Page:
Identical Twins Not So Identical

DNA Tests of Illegally Traded Ivory Could Save

Identical twins are not quite as identical as once thought, according to a new study of DNA.

Life, it seems, changes everyone in unique ways.

One twin might get cancer while the the other is not susceptible, for example. Many identical twins clearly behave differently as they grow older, and some even grow to look less alike.

Such differences have to do not with the twins' identical DNA, which is the software of life, but in how genes express themselves, the research found. The differences stem from chemical modifications in the genes over the years.

These epigenetic effects, as they are called, are the result of chemical exposure, dietary habits and other environmental factors, the scientists believe.

The study is detailed in this week's Proceedings of the National Academy of Sciences.

Further investigation into the process might shed light on how cancers develop, said Ohio State University researcher Christoph Plass, a co-author of the report.

The idea that twins grow apart is not new.

In 2001, scientists documented that identical twins with different diets had corresponding differences in blood cholesterol measures. A study in 2002 found that identical twins tend to differ greatly in their levels of emotional distress, depending on how close each was to their mother or whether they attended church, among other social factors.

Research last year at Duke University found that identical twins both develop Alzheimer's by their late 70s only about 40 percent of the time. In many cases, one does and one does not.

Other studies have shown that the brains of identical twins look different upon close inspection of the wiring.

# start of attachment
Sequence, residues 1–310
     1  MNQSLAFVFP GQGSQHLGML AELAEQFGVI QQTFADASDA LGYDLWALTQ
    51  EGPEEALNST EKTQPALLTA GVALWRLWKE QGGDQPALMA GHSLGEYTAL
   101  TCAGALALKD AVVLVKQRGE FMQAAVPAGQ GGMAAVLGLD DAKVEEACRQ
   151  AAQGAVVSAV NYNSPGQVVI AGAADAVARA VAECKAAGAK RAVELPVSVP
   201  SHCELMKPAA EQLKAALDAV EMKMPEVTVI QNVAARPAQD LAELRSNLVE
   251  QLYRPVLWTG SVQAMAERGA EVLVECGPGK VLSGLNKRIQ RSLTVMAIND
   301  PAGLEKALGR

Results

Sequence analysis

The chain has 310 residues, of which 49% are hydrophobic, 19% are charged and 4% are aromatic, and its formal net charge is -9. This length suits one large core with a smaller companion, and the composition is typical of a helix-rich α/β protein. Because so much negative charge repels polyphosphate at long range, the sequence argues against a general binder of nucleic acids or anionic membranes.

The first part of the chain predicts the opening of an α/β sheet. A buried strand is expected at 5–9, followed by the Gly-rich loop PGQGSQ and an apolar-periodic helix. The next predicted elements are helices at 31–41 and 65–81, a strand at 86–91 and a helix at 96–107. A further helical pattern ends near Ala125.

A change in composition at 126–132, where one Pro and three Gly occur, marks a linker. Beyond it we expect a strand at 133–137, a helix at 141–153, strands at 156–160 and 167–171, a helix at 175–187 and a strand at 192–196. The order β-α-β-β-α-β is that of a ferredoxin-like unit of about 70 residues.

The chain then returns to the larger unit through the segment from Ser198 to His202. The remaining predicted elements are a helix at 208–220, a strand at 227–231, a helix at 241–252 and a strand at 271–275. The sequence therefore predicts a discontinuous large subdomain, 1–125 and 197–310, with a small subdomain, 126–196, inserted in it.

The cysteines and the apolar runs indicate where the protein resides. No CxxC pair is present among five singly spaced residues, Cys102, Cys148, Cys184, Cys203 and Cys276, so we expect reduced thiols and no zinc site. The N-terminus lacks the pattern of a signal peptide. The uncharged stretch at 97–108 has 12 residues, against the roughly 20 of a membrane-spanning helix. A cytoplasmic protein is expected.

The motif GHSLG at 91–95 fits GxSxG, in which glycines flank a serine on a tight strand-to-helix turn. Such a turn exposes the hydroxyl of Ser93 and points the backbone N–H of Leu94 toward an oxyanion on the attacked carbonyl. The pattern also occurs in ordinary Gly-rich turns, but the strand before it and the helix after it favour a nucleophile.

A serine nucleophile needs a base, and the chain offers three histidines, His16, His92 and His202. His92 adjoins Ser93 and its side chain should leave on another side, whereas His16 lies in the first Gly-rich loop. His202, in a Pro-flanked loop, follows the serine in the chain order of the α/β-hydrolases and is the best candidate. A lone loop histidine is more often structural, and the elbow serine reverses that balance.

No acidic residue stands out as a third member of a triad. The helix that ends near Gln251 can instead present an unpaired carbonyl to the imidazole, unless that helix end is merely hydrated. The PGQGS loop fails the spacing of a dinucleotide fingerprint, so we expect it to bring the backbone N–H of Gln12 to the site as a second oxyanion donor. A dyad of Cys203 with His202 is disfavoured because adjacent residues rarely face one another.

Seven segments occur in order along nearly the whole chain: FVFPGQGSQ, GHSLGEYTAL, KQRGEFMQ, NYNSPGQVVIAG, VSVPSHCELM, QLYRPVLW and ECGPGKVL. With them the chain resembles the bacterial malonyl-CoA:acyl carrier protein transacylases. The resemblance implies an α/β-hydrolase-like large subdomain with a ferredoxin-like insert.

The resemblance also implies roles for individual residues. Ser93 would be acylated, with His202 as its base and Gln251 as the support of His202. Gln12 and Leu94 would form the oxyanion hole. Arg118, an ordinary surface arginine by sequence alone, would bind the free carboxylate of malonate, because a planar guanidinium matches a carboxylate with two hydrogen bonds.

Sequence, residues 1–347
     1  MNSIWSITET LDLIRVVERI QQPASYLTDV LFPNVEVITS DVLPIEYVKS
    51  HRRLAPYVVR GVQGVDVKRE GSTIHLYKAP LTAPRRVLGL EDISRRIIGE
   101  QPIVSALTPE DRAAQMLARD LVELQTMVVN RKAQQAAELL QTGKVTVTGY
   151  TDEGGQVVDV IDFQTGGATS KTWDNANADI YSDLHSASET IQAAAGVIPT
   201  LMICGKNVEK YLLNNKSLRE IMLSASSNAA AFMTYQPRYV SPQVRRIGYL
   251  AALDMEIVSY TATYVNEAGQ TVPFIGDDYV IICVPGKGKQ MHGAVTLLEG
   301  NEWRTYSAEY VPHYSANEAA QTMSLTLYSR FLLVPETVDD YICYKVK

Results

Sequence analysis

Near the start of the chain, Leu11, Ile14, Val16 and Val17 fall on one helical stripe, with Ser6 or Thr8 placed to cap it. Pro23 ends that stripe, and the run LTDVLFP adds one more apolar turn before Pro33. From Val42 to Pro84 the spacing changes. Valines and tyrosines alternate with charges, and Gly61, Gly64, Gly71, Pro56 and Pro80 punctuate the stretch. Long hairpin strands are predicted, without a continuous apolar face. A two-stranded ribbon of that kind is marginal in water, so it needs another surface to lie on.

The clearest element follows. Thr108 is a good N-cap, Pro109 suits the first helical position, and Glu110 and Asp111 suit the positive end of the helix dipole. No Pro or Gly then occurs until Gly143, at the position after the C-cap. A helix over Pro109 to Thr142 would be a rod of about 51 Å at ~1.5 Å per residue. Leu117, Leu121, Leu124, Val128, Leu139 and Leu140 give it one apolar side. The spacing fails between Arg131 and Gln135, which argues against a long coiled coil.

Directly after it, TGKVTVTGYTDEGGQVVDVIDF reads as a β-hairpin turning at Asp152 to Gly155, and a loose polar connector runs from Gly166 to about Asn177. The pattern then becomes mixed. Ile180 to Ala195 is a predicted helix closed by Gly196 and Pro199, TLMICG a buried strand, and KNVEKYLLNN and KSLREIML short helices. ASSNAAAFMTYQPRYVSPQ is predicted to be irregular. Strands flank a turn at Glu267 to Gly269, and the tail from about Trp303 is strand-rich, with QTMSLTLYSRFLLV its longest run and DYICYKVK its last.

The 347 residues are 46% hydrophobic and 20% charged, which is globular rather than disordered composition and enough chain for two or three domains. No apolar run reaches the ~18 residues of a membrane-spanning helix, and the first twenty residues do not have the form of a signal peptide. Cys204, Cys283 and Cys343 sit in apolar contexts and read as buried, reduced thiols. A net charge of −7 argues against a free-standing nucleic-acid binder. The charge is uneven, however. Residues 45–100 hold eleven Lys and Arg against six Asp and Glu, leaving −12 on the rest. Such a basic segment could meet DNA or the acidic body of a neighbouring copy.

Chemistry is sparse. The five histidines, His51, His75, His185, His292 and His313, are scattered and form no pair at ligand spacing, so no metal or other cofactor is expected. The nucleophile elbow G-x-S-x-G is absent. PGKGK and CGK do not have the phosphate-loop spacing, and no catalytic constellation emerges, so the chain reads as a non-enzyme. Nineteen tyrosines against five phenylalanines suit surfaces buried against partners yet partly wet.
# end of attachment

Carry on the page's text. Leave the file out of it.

The new research, among the first to provide a detailed look at such differences at the genetic level, was led by Manel Esteller of the Spanish National Cancer Center in Madrid. The scientists studied 40 pairs of twins in Spain, Denmark and the United Kingdom, aged three through 74. The participants were surveyed on a range of health, exercise, eating habits and other lifestyle issues. Their blood was analyzed for epigenetic differences.

The youngest set of twins had the most identical genomes. Genetically, the oldest twins were the least alike.

Gene expression and behavior is altered by a process called methylation. Scientists think a better understanding of methylation could aid cancer research.

"One would expect identical twins to develop and express genes at the same levels, but in fact this changes over time," Plass said. "We think that methylation plays a genome-wide role in these changes."

Robert Roy Britt

Robert is an independent health and science journalist and writer based in Phoenix, Arizona. He is a former editor-in-chief of Live Science with over 20 years of experience as a reporter and editor. He has worked on websites such as and Tom's Guide, and is a contributor on Medium, covering how we age and how to optimize the mind and body through time. He has a journalism degree from Humboldt State University in California.